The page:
6 startups get funding from Big Tech’s carbon removal alliance

The news: The alliance of Big Tech companies working under Stripe-owned Frontier to invest in carbon removal technologies is placing some initial bets on a handful of startups.

  • In April, Frontier, consisting of Stripe, Alphabet, Shopify, Meta, and McKinsey, put $925 million toward advancing the carbon removal industry, per Protocol.
  • Similarly in May, Microsoft, Alphabet, and Salesforce, along with dozens of other companies formed the First Movers Coalition to invest in carbon removal and other climate technologies.

6 carbon removal startups: The following companies received Frontier’s initial funding to help drive down atmospheric carbon dioxide concentrations.

  • AspiraDAC: Based in Australia, this startup is building a modular system that combines solar panels in a direct-air capture (DAC) process that can work with low-temperature heat.
  • RepAir: This Israel-based company also has a DAC system that’s powered by renewable energy and doesn’t need heat to operate.
  • Travertine Technologies: Instead of DAC, this startup just raised $3 million in seed funding to commercialize a process that captures and permanently sequesters CO2 using minerals.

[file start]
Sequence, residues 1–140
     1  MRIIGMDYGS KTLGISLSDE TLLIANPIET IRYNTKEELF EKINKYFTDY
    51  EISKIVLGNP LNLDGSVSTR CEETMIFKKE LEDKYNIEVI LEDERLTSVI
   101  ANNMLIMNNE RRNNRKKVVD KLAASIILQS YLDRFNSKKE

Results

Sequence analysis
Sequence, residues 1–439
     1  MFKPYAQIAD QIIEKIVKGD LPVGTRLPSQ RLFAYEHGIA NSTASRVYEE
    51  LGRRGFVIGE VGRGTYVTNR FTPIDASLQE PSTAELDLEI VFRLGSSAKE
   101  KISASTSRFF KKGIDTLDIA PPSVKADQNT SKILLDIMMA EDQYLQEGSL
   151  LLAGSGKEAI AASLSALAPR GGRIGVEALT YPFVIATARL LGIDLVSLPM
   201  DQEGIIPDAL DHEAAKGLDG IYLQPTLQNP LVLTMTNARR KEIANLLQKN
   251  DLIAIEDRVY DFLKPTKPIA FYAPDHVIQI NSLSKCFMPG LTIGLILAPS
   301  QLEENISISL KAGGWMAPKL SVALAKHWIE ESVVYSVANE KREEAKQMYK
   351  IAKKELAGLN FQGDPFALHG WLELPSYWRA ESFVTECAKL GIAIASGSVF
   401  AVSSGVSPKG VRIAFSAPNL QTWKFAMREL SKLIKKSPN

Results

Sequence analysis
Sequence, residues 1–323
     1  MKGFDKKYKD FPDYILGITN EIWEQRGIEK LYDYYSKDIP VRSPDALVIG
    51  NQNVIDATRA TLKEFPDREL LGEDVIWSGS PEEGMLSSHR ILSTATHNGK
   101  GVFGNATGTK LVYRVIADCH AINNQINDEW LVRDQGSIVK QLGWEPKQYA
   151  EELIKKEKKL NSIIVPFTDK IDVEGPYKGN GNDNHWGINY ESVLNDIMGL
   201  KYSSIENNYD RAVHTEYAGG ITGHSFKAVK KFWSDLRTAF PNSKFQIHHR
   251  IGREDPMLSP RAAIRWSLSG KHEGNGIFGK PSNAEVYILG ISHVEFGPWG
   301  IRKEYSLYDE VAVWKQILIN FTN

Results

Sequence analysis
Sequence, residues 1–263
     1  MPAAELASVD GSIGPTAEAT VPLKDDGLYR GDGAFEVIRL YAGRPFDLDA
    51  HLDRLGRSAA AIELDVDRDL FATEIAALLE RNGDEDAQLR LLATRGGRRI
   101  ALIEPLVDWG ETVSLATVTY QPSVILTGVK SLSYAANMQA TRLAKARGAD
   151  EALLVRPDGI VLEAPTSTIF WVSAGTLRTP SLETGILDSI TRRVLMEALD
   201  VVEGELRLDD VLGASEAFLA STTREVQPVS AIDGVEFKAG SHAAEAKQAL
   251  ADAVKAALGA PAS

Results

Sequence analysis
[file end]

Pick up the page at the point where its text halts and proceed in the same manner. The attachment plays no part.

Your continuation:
• Living Carbon: In addition to bioengineering trees to sequester more carbon, this startup is also using an R&D grant from Frontier to remove CO2 using algae and biopolymers.
  • Lithos Carbon: Launched this year, Lithos is working to improve rock weathering as a way to pull carbon out of the air.
  • Calcite-Origen: A joint venture between 8 Rivers Capital and Origen Carbon Solutions will pair Origen’s zero-carbon lime manufacturing process with 8 Rivers’ Calcite carbon removal tech.

The opportunity: The UN’s climate panel has stated that carbon removal has become an essential part of decarbonizing the world. That’s because reducing emissions alone still leaves CO2 in the atmosphere that will continue accelerating warming for centuries if it’s not removed.

  • Big Tech’s funding for carbon removal will help advance the nascent industry that’s struggling to gain market viability.

What’s the catch? Carbon removal won’t be able to avert climate change unless it’s massively scaled, and the technology is currently too expensive for expansion.

  • Economists say the cost to remove CO2 needs to drop to $100 a ton, but the Frontier- funded projects only achieve between $500 and $1,800 a ton, per Protocol.
  • One solution is to focus on carbon utilization instead of carbon sequestration in which the captured CO2 can be used as a raw material for goods like concrete, synthetic gasoline, and textiles.